Lecture 09: Eliphaz’s First Response (Job 4–5) | Free Online Biblical Library

Lecture 09: Eliphaz’s First Response (Job 4–5)

Course: The Book of Job

Lecture: Eliphaz’s First Response (Job 4–5)

 

In this lecture, we want to look at the first response of Eliphaz because in a very meaningful way, it sets the tone for everything else.

I. Structure

First of all, the structure of Eliphaz’ speech. It is a fairly long speech, you can see it is two chapters, chapters 4 and 5.

II. Appeal to Reason and Experience (4:2, 5:27)

We begin with an appeal to reason and experience. Eliphaz is appealing to Job on the basis of what he knows and what he has experienced, to change his mind.

III. Tactful Opening (4:2-6)

There is this tactful opening where Eliphaz will in a very respectful way suggest that Job is wrong.

IV. Doctrine of Retribution (4:7-11)

There is the doctrine of retribution laid out in simple terms that we have been discussing.

V. The Night Spirit (4:12-21)

He describes the night spirit. This is something we are going to have to look at in detail. This is perhaps the most important element of any of the speeches of the three friends because the message of the night spirit is at the core of much of what they believe and it is the source of much of what is wrong with what they believe. So we will have to look at that.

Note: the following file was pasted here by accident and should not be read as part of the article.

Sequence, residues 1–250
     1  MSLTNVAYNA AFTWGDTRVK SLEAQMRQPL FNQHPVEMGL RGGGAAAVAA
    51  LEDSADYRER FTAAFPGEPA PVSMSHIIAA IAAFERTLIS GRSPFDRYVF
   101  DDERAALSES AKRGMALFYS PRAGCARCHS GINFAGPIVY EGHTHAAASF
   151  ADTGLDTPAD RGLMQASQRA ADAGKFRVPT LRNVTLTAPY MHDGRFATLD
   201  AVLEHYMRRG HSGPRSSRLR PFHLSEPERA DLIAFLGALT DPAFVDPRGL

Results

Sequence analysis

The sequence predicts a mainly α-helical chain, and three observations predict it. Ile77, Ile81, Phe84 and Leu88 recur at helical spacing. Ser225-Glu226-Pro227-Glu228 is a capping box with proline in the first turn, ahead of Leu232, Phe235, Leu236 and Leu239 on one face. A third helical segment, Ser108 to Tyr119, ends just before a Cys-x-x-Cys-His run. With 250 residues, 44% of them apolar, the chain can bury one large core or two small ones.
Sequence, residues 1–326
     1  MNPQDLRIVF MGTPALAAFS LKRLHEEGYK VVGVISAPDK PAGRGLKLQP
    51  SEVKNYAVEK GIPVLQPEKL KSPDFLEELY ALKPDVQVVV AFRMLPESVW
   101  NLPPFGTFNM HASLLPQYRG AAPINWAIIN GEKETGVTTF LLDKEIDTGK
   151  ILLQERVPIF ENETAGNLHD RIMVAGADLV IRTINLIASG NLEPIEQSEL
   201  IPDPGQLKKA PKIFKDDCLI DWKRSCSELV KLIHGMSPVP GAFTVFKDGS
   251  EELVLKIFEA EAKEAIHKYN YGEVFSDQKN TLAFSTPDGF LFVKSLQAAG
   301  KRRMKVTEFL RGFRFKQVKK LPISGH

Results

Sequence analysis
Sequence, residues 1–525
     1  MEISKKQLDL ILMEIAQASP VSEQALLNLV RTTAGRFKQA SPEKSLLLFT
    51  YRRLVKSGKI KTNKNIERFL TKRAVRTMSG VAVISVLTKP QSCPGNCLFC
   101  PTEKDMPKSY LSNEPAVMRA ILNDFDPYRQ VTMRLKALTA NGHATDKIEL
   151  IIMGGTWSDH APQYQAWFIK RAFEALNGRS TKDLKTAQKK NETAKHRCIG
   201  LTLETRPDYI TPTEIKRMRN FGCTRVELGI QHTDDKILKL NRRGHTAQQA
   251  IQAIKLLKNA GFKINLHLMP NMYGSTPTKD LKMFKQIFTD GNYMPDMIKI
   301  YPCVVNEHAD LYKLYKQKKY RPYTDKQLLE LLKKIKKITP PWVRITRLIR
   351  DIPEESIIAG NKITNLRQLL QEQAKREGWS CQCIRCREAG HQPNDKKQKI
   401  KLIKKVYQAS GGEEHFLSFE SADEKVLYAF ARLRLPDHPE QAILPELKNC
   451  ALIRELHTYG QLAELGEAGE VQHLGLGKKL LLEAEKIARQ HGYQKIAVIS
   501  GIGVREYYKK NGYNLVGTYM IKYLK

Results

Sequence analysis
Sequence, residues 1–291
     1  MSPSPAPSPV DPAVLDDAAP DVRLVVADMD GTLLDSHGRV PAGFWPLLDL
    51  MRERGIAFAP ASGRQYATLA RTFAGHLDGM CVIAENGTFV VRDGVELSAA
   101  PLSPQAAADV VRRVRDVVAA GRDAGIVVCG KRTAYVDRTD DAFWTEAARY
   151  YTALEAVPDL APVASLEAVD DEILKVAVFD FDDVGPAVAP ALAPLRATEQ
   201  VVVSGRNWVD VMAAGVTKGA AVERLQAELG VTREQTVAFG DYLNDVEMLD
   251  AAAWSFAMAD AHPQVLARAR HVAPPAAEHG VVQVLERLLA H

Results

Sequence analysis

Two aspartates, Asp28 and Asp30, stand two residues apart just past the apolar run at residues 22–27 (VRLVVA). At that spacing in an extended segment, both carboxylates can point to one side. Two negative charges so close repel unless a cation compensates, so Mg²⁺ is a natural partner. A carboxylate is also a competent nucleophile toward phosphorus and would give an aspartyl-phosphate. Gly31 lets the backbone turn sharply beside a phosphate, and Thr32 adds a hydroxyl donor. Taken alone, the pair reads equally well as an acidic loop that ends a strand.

VI. Misery Comes to Fools (5:1-7)

He says simply that misery comes to fools and he has a very specific fool in mind, namely Job, in 5:1-7.

VII. Turn to God Who is Unfailingly Good

He appeals to Job to turn to God who is unfailingly good, (5:8-16.)

VIII. Those Whom God Loves, He Reproves and They Have Happiness

He says that those whom God loves he reproves, that they may in turn have perfect happiness, (chapter 5, verses 17-26).

IX. Conclusion

Finally, there is another appeal to reason and this is again an inclusion structure. This is like the bookends where he begins with this appeal to reason and
experience. He ends with the same thing and that sort of brackets the whole speech.

Let’s begin. Taking a look at chapter 4, verse 2: “If someone ventures a word with you, would you be patient? But who can keep from speaking? Think how you have instructed many, how you have strengthened feeble hands.”

Notice here, he appeals to Job saying, “You know, you yourself have instructed people. Can’t someone give you a word? Is it okay if someone else talks?” So it is kind of an appeal for him to be reasonable, to be open to discussion and to remember that there are lessons he himself has learned. He repeats the same kind of thing towards the very end, chapter 5, verse 27: “We have examined this and it is true, so hear it and apply it to yourself.” He says, “We have experienced all of this. We have tested it, we have tried it. Our experience tells us it is true. So Job, go ahead and just believe that we know what we are talking about.”